What can decisionmakers do? Going forward, mainstreaming gender data into regular management reporting will be the primary data usage challenge to address. This requires strengthening the business case for women’s financial inclusion, improving the mechanics of data collection and, importantly, increasing the capacity of financial service providers to collect and analyze data to inform decision making.
4. Data can drive action through more evidence on the business case for the women’s market.
Financial service providers do not routinely deploy gender data to inform the design of new products and services or to track performance of women’s portfolios. To some extent, this could be due to knowledge gaps, which financial service providers themselves appear eager to close. Financial service providers that were interviewed in all six countries routinely requested information on how to use data in designing and scaling women’s customer value propositions. There is a bit of circular logic at play among decision makers. Many said that they wanted more evidence of the business case for expanding their reach into the women’s market. But they do have some of this evidence at their fingertips—in the form of the gender data they are already producing.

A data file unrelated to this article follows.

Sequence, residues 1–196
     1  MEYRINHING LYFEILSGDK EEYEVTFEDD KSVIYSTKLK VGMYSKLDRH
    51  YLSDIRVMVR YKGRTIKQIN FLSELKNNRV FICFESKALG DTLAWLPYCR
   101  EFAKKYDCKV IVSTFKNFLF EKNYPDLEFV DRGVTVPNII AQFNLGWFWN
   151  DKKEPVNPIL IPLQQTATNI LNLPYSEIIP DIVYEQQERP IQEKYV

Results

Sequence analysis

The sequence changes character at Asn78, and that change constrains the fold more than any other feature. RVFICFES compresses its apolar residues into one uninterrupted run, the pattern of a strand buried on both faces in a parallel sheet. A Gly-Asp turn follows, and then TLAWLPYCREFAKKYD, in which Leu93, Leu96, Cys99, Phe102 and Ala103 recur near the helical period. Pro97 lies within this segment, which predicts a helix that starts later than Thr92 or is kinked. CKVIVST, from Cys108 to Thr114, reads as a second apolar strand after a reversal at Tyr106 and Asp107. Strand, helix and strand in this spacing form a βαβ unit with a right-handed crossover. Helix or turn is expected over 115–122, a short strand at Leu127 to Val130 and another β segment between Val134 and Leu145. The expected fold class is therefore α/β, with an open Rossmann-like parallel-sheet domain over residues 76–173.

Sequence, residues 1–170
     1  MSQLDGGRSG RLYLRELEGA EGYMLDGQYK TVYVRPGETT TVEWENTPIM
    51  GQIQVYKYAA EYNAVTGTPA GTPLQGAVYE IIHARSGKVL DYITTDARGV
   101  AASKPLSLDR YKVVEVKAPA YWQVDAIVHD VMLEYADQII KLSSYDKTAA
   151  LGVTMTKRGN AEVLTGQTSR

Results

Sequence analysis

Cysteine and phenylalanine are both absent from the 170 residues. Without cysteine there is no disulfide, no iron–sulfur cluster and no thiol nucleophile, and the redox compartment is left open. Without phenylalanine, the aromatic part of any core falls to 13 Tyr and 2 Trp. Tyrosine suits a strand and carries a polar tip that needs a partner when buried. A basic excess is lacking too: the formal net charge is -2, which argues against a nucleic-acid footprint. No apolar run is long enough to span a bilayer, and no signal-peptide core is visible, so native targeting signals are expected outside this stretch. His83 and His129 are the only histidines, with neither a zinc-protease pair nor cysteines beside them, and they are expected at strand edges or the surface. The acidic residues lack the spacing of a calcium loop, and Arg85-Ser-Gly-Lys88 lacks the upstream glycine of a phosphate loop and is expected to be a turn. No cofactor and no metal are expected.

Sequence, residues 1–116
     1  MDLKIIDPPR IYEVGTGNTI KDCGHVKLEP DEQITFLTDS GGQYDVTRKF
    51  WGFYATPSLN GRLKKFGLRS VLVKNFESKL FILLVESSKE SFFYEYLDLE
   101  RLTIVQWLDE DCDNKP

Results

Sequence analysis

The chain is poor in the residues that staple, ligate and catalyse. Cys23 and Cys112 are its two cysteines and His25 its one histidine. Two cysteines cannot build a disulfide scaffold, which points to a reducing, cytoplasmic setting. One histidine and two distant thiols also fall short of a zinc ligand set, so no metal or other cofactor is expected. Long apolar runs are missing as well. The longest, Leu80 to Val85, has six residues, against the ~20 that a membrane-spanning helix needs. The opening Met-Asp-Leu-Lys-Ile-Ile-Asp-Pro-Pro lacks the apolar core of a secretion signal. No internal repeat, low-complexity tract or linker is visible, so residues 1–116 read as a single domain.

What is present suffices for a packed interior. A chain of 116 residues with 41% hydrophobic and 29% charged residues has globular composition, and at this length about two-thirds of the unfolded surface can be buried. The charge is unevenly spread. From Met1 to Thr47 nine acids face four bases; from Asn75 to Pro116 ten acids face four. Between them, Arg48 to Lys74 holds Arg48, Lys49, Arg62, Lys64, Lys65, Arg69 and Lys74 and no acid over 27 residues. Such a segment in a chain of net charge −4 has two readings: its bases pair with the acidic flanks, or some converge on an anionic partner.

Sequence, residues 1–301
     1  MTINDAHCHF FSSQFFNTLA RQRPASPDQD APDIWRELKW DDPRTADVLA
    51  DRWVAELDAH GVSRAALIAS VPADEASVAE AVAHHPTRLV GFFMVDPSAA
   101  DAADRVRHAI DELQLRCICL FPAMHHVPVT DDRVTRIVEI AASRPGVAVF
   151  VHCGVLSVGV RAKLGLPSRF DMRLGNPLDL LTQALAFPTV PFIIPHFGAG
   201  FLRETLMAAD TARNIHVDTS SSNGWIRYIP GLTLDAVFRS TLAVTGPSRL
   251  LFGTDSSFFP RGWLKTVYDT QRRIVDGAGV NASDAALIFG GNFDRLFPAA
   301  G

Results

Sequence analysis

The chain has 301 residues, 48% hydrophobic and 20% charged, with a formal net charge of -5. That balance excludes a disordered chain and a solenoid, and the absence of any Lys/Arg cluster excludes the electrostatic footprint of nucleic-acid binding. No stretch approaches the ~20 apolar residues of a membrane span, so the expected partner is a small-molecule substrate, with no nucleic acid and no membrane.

What can decision makers do? Going forward, governments, donors, and international networks have a critical role to play in breaking this cycle by publishing best practices, research, and use cases on the business opportunities of the women’s market.
Note that you can find a more detailed summary of lessons learned from the diagnostic work in the six countries as well as the individual country reports are here.
The diagnostic studies revealed the richness of the financial sector ecosystems in these countries and provide a tool to identify ways to strengthen all stakeholders’ ability to collect, report, and use gender data, so that gender data can better enable effective action The diagnostic studies have also catalyzed and reinforced important conversations, helped build and strengthen coalitions of stakeholders, and provide useful analytical frameworks.
Beyond the six countries that researchers looked at, the diagnostic studies also call global attention to the important role and contributions of different public and private sector stakeholders in helping countries advance along the pathway towards women’s full financial inclusion. The researchers’ results highlight the need for enhanced coordination and collaboration among all stakeholders to develop data-driven women’s financial inclusion solutions.
As Alba Luz Valladares O’Connor, the Chief Commissioner of the National Commission of Banks and Insurance Companies in Honduras said, “Data is power. Financial service providers need data to measure and know what business model they need to grow the financial system and promote economic growth in their countries.“
Data is power – and data can change the world. Now is the time to start collecting more and better data on women and using that data to help unlock women’s economic empowerment around the world.